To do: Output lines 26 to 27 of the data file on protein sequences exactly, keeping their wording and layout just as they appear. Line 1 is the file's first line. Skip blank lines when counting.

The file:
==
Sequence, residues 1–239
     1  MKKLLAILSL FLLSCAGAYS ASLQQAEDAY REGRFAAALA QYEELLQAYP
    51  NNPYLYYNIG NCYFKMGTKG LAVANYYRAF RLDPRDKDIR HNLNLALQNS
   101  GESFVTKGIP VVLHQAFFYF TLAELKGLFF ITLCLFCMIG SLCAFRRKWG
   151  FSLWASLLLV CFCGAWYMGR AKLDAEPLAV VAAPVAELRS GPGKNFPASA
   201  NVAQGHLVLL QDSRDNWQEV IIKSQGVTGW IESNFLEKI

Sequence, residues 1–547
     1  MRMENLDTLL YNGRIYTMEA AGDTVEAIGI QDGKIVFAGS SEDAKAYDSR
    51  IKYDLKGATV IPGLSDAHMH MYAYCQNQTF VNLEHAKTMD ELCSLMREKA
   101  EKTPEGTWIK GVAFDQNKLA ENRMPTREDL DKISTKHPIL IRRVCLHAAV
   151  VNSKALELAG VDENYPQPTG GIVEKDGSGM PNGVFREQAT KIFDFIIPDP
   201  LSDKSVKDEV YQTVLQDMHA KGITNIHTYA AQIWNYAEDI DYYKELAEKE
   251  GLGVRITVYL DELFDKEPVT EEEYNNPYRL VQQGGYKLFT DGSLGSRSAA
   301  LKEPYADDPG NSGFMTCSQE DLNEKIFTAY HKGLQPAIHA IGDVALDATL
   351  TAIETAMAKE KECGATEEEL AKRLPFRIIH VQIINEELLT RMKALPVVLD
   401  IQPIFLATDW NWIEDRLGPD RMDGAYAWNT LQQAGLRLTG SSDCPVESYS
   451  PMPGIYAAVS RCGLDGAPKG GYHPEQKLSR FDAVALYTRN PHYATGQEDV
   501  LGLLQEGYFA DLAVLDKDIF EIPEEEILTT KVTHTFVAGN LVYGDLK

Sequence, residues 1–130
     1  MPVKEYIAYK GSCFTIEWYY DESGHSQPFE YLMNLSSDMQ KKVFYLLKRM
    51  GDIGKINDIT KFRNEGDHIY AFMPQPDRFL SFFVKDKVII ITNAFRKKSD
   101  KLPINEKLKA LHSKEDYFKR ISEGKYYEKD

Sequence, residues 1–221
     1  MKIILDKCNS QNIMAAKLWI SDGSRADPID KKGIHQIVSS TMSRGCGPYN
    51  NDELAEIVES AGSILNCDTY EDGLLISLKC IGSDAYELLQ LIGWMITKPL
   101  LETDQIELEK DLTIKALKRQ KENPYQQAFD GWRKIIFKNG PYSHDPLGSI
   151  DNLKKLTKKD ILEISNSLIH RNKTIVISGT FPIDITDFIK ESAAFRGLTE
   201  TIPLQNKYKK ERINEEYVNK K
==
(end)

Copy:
   101  LETDQIELEK DLTIKALKRQ KENPYQQAFD GWRKIIFKNG PYSHDPLGSI
   151  DNLKKLTKKD ILEISNSLIH RNKTIVISGT FPIDITDFIK ESAAFRGLTE